Every time I start a book review I ask myself why I bought the book. In this case, I think I had been intrigued by the name, and I decided to ‘buy’ it once I realized it could be downloaded for free (legally), without me chasing the publisher to have a review copy.
The full title of the book, edited by Trinidad Rico, reads The Making of the Islamic Heritage: Muslim Pasts and Heritage Presents. I did not know exactly what to expect, but since heritage studies about the Islamic past are not always easy to find, I decided to read it.
The aim of the book is clear just from the start: the goal is shaping the ‘Islamic heritage’ as a field of studies, with all the difficulties it means. Not only because the heritage, as emerges in the book, is not absolute and fixed, but also because the adjective Islamic is as always quite problematic. The editor and the authors of the volume, anyway, do not hide the problems in terminology and concepts: in fact, the discussion is focused on ‘what is Islamic’ and ‘why something can be defined Islamic heritage’. Once again, the problems of the Western cultural hegemony, that have invented the label ‘Islamic’ is discussed, but not solved.
In fact, a clear definition of the ‘Islamic heritage’ does not emerge: in the various chapters that compose the book, the reader is presented a wide variety of subjects, all related to or labeled as ‘Islamic heritage’. From the Buddha production in Pakistani workshops to the representation of the pyramids, from the frescoes of Qusayr ‘Amra to the design of new urban spaces in Iran, from the Hejaz Railways to the Mosque of Isfahan: the chapters tackle themes and artifacts far from each other temporally, culturally and geographically. This underlines how diverse and multifaceted are the Islamic pasts and how varied the representations of the heritages in the ‘Islam’.
At the end of the day, what’s the heritage? It is not simply a monument or an artifact. The heritage is the interpretation of the monument or the artifact as part of a valuable past that should be preserved. It is the way a people sees its own history and legacy, it is how a community represents itself. This is why the heritage is diverse and changing. As written in the introduction: ‘Rather than validating the imagination of a monolithic and temporally cohesive Islamic past, the chapters in this volume encourage an awareness of multiple forms of the pasts that are strategically utilized in the construction of heritage in multiple present contexts’ (p. 8).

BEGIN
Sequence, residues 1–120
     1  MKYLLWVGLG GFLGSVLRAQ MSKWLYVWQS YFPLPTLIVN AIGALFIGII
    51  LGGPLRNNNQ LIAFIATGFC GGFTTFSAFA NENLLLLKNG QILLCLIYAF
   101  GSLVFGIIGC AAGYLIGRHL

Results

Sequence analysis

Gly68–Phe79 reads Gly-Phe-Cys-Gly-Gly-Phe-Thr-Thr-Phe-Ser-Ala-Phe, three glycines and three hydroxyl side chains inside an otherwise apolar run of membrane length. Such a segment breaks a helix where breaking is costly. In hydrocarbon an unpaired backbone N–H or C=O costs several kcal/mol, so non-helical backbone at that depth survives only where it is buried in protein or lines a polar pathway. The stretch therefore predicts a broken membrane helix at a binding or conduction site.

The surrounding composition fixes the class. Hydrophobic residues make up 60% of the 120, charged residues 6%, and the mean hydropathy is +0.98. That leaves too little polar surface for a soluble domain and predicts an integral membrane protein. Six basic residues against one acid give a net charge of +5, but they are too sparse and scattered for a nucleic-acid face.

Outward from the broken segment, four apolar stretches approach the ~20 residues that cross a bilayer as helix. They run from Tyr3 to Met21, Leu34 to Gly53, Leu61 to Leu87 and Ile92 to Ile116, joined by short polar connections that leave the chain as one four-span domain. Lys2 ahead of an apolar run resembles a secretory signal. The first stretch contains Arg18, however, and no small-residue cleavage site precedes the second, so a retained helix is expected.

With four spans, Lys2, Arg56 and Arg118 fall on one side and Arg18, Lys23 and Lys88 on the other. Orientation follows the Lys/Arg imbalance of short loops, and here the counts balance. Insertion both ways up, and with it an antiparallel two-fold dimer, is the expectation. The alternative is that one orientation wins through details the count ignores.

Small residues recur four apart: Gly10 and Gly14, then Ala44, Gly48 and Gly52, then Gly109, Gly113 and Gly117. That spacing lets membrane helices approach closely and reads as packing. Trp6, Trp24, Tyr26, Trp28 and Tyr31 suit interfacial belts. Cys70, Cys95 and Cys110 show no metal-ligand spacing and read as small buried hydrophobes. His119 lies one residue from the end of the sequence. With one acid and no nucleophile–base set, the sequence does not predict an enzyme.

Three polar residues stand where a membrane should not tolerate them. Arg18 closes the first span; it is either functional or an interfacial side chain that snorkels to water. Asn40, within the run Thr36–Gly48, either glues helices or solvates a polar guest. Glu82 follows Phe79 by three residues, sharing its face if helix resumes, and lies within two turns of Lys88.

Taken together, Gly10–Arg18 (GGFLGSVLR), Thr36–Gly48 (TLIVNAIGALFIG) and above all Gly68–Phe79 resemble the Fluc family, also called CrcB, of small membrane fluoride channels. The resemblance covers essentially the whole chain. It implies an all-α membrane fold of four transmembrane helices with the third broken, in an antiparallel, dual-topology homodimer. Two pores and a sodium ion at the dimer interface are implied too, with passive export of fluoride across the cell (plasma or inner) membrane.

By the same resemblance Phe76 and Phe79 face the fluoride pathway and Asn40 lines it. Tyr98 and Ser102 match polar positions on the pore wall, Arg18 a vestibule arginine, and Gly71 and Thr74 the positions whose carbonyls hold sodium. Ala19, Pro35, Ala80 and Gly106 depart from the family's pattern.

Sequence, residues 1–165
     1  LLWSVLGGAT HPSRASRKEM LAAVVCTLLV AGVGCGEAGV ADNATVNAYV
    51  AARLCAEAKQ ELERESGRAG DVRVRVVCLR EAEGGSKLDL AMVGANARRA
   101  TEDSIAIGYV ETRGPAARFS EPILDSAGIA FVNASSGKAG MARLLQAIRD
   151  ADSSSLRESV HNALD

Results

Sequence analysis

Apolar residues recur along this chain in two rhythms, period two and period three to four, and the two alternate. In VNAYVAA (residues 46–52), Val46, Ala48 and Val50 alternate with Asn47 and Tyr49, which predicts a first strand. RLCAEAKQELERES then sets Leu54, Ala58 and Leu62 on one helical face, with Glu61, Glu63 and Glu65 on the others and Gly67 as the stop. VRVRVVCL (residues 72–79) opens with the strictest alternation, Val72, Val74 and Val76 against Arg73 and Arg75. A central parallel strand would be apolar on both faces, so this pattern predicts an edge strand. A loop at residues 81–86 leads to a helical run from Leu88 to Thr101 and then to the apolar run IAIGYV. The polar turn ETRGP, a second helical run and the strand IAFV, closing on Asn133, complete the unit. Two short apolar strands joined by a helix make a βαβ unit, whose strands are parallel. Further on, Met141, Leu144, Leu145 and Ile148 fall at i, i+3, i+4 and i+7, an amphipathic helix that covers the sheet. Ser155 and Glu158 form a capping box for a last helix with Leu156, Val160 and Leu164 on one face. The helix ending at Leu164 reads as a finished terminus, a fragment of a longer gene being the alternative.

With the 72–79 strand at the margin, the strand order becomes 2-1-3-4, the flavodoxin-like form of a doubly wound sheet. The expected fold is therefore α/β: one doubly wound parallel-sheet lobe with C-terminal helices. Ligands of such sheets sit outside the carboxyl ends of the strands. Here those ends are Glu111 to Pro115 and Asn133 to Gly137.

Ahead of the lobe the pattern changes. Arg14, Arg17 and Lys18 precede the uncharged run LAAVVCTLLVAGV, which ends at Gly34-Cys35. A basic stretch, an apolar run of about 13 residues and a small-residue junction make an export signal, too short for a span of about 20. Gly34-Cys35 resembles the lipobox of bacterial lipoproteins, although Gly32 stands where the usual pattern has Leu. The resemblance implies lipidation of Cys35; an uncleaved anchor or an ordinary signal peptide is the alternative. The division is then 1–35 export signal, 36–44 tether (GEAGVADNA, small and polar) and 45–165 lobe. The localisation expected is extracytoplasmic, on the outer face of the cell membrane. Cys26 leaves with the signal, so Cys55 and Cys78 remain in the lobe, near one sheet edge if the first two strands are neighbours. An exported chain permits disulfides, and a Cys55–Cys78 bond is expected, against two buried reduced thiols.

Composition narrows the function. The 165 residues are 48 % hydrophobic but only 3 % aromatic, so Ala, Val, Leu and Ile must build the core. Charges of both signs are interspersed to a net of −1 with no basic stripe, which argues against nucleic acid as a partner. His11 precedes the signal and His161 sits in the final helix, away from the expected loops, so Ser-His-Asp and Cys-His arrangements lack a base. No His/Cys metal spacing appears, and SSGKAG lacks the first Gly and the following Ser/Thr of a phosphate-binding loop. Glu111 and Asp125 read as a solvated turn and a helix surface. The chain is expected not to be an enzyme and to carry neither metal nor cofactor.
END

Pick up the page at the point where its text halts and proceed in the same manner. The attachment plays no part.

It is a good book, clear and to-the-point, that explains with simple words the point of view of the editor and the authors and provides a valuable source for the discussion around the Islamic heritage. I enjoyed a lot reading the chapter on the urbanization in Iran and the idea of ‘Islamic housing’. I read with contrasting feeling the chapter on the frescoes of the Qusayr ‘Amra, bored in the beginning, but much more interested in the final part, when the author examines how the monument is perceived differently, as being part or not of an ‘Islamic heritage’, by different groups. I particularly liked how the author explains how the monument cannot be defined only by the academics studying it, but it needs to be understood also as defined by the local communities and the stakeholders. The only part I did not like much was Ömer Can Aksoy’s contribution about the representation of the Hejaz Railway. I did not particularly like the parallel the author drew between the Neolithic stone carvings and more recent graffiti, but for the rest, I enjoyed this article too.
Do I recommend The Making of Islamic Heritage? I do, particularly to those who think that Islamic art and culture are static entities. This book teaches the reader how everything in the cultural history is negotiated and challenged, and how nothing can be seen as monolithic. The book portrays the reality of the so-called ‘Islamic heritage’, showing how its univocal definition is complicated.